WILMINGTON — With larger-than-life photos of a 20-something Hillary Clinton as a backdrop, the Oscar-winning director and best-selling author Michael Moore gave a one-man show Thursday at a packed Murphy Theatre where his election TV special was recorded over two nights.
The performance had some video spots that starred Clinton and Donald Trump, including show-starting footage on Trump titled “King of Kings.”
But the majority of the time, Moore was alone on the stage, with plenty of serious comments when he wasn’t poking fun.
A key reason for picking Clinton County as the place to record the special is the large number of Trump voters here in the GOP Primary, he said.
Many people who voted for Trump are “rightfully angry” and essentially want to send a loud message, said Moore. Later he suggested Trump voters stop and think how to best direct that anger, adding that many of them would regret a Trump presidency.
Moore mentioned the Trump rally held Sept. 1 in Clinton County at Roberts Centre. He expressed amazement that Trump could make a campaign speech in the county and not mention the 2008-09 loss of its main employer, DHL, and the resulting loss of 8,000 jobs at the air park.
In that connection, Moore said that while traveling around the Wilmington area, he started to count the number of dollar stores. On stage, he rattled off a list of their multiple names. He noted the series of dollar-this and dollar-that names didn’t draw much laughter, understandably so, he added.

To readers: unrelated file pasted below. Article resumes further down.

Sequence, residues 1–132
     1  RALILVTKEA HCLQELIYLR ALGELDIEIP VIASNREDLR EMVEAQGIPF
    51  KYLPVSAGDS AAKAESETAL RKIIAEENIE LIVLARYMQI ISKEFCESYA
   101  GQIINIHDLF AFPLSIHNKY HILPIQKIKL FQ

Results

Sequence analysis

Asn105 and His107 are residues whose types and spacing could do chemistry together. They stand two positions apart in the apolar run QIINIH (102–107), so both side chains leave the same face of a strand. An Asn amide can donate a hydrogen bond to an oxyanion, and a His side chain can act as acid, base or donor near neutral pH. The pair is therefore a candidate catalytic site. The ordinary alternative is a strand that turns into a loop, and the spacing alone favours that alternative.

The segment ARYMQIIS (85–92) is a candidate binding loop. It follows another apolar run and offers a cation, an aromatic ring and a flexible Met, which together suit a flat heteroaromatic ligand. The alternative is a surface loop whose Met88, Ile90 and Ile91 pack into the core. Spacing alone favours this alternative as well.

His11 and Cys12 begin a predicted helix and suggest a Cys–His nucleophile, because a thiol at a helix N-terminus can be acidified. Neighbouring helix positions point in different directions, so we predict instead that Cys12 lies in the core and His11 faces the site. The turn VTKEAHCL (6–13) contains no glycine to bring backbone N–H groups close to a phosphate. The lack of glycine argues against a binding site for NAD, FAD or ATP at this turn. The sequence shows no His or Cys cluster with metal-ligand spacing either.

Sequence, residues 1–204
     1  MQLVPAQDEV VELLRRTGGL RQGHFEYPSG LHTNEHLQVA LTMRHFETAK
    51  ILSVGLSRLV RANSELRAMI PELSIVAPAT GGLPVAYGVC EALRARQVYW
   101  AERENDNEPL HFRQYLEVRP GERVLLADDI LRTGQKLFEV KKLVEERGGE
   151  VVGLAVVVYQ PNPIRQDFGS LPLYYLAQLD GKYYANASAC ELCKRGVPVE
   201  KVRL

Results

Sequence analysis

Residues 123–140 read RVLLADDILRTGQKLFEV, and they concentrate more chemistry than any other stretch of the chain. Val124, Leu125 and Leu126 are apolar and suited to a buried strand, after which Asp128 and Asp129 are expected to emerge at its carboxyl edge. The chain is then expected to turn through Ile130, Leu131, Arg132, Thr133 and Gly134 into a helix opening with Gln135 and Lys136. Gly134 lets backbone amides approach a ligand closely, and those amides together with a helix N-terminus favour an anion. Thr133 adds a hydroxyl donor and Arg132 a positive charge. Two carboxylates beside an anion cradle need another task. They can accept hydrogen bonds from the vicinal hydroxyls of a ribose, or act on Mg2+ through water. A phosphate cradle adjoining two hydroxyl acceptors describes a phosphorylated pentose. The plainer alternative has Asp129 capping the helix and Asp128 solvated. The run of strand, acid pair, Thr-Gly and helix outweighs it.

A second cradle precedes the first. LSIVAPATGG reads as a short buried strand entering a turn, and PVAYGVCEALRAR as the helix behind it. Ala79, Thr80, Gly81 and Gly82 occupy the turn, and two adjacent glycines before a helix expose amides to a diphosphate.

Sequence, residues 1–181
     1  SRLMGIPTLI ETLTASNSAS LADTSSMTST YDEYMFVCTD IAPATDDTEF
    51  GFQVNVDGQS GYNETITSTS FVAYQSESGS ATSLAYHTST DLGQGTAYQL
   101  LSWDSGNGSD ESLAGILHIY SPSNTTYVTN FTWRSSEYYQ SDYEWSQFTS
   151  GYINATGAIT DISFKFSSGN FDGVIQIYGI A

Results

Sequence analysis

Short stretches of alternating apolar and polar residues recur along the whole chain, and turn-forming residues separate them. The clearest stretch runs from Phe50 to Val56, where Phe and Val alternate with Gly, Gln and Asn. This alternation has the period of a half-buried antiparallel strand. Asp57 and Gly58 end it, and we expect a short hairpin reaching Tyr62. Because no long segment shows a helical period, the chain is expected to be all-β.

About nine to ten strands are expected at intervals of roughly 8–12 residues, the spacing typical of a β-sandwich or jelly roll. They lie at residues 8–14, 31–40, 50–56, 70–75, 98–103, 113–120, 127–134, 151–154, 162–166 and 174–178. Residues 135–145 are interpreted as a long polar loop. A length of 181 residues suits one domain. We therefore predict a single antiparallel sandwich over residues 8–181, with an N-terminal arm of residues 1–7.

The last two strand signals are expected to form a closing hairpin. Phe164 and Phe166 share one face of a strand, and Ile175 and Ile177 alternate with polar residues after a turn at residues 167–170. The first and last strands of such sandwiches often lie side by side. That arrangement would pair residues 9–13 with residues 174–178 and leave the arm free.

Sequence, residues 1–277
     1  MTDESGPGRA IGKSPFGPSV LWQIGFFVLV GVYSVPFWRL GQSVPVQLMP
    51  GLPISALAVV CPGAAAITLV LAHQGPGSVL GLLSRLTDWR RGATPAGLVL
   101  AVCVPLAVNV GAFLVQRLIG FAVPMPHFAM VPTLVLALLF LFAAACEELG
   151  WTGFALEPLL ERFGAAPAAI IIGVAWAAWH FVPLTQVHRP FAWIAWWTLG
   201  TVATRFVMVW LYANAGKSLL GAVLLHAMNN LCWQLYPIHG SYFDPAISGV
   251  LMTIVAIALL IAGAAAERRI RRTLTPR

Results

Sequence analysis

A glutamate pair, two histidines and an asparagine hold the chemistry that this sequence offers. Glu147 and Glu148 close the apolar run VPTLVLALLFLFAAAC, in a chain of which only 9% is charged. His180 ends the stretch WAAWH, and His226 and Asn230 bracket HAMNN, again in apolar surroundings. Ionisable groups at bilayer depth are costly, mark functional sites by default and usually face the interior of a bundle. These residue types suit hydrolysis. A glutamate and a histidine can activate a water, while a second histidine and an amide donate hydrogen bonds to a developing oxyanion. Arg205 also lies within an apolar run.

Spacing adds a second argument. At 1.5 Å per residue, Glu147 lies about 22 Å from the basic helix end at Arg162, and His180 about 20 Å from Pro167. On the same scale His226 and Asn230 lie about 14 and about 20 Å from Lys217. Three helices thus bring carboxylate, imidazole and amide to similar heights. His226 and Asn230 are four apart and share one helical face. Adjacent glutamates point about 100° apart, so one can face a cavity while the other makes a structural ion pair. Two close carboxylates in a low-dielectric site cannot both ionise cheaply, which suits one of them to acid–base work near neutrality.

Moore brought up the fact he had to relocate the show, originally planned for Newark’s Midland Theatre in Licking County, Ohio. He said theater officials there came under “an onslaught” by Republicans from throughout Ohio to cancel. He complimented Murphy Theatre for agreeing to serve as the venue of his show — a comment that led to loud applause from the audience while he clapped, too.
He said Murphy Theatre officials had also come under pressure the past week, including a threat from a state senator in Columbus that the theatre could have its arts funding withdrawn.
In addition to the focus on the upcoming presidential election, Moore did segments on millennials, the female of the species, and the differences between the personalities of liberals and conservatives. For instance, liberals are forever losing their car keys; conservatives have their keys organized on key hooks, he quipped.
There were a couple glitches relating to the technical side of the production, leading to short breaks in the show. Moore did not say when or on which network the show would air.
Reach Gary Huffenberger at 937-556-5768.